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By one estimate, a positive decision on the Keystone XL pipeline, could pop energy share values by as much as 5 to 10 per cent.

Nathan VanderKlippe/The Globe and Mail

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Way back when Keystone XL was just another pipeline – not a measure, in the eyes of opponents, of whether President Obama wants to bequeath a fouled planet in danger of runaway overheating to future generations – two seemingly solid pillars propped up Ottawa's case.

Buying Canadian crude was good for America because alternative supplies came from unsavory, sometimes hostile, regimes and, anyway, if the Americans didn't want oil sands crude it would be sold to rival would-be superpowers like China or India. Both pillars have badly shaken and are now severely cracked.

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Americans may soon not need Canadian crude – perhaps not much imported oil at all – and Canada's threat to profitably sell off Alberta's vast oil sands reserves elsewhere may prove empty.

Meanwhile, Keystone XL, the project designed to deliver upwards of one million barrels a day of Canadian oil sands crude to huge U.S. refineries on the Gulf Coast in Texas and Louisiana is facing multiple and collateral attacks from a range of environmental groups.

Years of litigation might thwart the already long-delayed project even if its opponents fail to get President Barack Obama to deliver a flat out "No."

This week, the Sierra Club has filed a lawsuit accusing the State Department – the lead agency on assessing the transborder project – accusing it of withholding key documents and hiring outside consultants with, they say, clear conflicts of interest.

"For the State Department to let Big Oil consultants tell us Keystone XL is safe is like the Surgeon General letting Big Tobacco tell us cigarettes are safe," Robin Mann, a Sierra Club board member and past president said.

"The State Department should be an honest broker on Keystone XL, not a cheerleader for TransCanada," said Erich Pica, president of Friends of the Earth.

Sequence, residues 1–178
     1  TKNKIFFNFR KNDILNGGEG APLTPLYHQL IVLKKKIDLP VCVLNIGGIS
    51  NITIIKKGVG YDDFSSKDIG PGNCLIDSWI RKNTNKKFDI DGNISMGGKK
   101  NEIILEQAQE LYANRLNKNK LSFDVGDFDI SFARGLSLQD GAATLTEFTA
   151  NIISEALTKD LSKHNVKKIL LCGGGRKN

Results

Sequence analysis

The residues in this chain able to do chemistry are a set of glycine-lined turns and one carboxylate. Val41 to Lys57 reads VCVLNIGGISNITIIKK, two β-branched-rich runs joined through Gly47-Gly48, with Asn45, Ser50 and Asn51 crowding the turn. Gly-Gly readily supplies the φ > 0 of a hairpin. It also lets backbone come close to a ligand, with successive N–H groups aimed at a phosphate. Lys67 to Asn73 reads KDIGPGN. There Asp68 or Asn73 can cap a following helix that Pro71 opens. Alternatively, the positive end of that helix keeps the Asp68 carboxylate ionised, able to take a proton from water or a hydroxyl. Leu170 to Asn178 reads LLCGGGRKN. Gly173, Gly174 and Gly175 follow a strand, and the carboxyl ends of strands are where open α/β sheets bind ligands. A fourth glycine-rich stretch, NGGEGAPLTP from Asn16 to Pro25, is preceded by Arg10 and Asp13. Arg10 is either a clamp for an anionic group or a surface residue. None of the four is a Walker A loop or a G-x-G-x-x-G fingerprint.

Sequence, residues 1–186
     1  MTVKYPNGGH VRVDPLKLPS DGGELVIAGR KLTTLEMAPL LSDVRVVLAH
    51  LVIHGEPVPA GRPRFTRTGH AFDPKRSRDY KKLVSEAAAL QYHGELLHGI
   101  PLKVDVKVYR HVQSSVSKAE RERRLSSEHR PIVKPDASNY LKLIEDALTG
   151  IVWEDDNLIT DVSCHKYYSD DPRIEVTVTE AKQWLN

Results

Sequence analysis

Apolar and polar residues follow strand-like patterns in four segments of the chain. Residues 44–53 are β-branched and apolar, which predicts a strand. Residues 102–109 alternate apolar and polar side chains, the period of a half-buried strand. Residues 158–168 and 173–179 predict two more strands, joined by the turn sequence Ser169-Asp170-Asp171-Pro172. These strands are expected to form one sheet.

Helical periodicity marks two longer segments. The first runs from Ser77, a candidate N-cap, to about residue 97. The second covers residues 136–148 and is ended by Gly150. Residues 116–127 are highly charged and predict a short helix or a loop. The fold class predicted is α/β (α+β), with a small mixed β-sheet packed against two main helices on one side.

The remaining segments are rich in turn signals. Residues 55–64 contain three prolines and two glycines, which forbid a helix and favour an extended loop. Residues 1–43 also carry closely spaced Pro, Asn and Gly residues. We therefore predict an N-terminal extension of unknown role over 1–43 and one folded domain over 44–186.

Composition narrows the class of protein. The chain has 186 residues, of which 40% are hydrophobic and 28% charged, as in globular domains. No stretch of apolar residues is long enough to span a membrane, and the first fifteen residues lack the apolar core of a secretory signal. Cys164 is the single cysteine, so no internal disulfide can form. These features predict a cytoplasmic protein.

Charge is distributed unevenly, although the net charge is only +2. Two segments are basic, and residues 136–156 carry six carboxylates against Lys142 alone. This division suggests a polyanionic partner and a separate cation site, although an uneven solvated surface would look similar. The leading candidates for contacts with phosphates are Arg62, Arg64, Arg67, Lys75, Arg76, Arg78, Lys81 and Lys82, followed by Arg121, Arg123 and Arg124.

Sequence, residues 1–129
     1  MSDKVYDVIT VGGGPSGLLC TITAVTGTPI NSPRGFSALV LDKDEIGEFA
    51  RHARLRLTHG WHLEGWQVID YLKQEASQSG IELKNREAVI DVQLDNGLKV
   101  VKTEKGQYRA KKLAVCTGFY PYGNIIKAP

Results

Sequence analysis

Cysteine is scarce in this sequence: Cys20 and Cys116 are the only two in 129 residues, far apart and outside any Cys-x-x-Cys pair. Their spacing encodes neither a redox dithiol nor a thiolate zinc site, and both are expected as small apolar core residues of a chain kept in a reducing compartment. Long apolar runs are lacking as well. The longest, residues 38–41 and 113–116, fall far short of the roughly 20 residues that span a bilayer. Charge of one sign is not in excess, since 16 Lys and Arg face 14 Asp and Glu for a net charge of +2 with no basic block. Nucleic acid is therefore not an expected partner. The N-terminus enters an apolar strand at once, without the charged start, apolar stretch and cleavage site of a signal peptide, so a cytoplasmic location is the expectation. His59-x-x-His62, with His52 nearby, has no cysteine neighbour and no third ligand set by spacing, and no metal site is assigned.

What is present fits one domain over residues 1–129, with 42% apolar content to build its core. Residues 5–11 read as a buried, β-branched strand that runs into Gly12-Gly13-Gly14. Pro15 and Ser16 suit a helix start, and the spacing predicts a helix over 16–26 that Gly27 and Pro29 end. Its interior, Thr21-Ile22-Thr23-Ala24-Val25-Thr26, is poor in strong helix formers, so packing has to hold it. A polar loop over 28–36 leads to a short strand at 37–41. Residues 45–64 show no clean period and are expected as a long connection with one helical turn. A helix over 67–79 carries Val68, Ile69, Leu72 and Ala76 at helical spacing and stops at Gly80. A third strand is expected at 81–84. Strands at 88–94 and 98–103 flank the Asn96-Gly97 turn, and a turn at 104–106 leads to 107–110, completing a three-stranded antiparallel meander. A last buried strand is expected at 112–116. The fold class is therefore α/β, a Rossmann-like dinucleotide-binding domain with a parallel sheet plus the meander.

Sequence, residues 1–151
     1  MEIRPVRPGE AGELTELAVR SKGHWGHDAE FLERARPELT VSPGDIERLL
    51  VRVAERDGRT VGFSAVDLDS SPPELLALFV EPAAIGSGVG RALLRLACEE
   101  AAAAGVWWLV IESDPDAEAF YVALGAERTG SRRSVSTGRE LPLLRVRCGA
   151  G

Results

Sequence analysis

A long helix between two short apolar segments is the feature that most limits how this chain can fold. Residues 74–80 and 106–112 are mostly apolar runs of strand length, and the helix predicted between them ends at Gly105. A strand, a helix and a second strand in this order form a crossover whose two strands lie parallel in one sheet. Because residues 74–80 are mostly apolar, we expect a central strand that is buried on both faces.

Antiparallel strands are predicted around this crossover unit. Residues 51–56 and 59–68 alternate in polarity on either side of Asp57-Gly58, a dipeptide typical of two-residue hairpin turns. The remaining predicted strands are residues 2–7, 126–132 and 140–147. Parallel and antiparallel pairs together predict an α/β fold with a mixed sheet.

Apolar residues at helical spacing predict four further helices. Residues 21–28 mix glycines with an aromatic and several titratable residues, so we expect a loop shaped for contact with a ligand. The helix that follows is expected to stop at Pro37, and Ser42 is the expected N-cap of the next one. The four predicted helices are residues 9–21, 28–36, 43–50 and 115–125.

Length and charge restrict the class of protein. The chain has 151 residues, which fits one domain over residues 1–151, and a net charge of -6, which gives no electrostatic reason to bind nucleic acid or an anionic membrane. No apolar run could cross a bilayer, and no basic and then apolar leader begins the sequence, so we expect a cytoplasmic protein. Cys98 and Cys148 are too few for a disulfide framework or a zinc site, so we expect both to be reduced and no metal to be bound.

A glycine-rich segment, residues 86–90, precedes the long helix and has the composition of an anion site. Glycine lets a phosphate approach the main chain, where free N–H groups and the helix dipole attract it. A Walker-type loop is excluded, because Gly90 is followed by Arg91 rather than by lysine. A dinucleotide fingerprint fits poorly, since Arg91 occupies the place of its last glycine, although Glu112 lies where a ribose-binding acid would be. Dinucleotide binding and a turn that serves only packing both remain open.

Keystone opponents believe both Secretary of State John Kerry – who had a long Senate record of championing clean energy and regarding man-made climate change as a grave global risk – and Vice-President Joe Biden oppose Keystone.

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They are hoping that a multi-pronged campaign, from lobbying inside the Beltway, to tying the project up in the courts, to winning a broad hearts-and-minds battle by decrying Alberta's oil as filthy, dangerous and unneeded, will tip the balance against Keystone.

So far, clear majorities in both the Senate and the House of Representatives back Keystone XL but this will be an Oval Office decision by a president with no more elections to win and a legacy to create.

Meanwhile, the key arguments of Keystone XL proponents are looking out-of-date, despite a parade of premiers, federal ministers and high-priced lobbyists hired to promote the pipeline as being in America's best interests.

In 2005, when Keystone was first proposed, Iraq was aflame and hundreds of thousands of American troops were battling a raging insurgency. Fully 60 per cent of U.S. oil was imported, most of it from the volatile, unstable and – sometimes hostile – regimes in the Middle East, Africa and South America.

In striking contrast, by next year, the last U.S. combat troops will leave Afghanistan (they have been home from Iraq for years) and – with domestic shale oil and gas reserves booming – the resurgent U.S. economy is still expect to import only 30 per cent of its oil needs. Over the next several decades,  the United States is projected to become an oil exporting nation and may not need a drop of Canadian crude.

Whether Americans watching their hard-earned dollars disappear into the gas tanks ever cared much about whether the original crude was Canadian or Nigerian, Saudi or Norwegian, from an ally or an adversary from a place with a spotless human rights record or one rather sullied, is hard to know. But as a sales pitch, Ottawa and TransCanada's focus on close, reliable and friendly loses whatever significance it might have if the U.S. has little need to import.

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As for the threat – no matter how mildly voiced – that Canada will just send its oil sands crude to India or China or other oil-thirsty customers abroad if America passes up the chance to tie up a long-term supply with Keystone, that took a big hit earlier this month when British Columbia stoppered the biggest alternative outlet proposed to get Alberta crude to tankers loading on the West Coast. B.C.'s 'No" may not be final but it certainly is a blow.

In the U.S., Keystone opponents rejoiced. Why, they suggested, should the U.S. accept the risks of a pipeline crossing half-a-dozen states from the 49th parallel to the Gulf Coast, if Canadians rejected a smaller and shorter pipeline on their own soil.

Bill McKibben, founder of 350.org – the activist climate change group among the most opposed to Keystone XL – said he hoped the British Columbia message wouldn't be missed by President Obama, who is expected to approve or reject the pipeline later this year.

"For years the tar sands promoters have said: 'if we don't build Keystone XL the tar sands will get out some other way," Mr. McKibben said. 'British Columbians just slammed the door on the most obvious other way, so now it's up to President Obama …. if he rejects the pipeline, then an awful lot of that crude is going to stay in the ground where it belongs."

That is the Harper government's nightmare.

Paul Koring reports from The Globe's Washington bureau.

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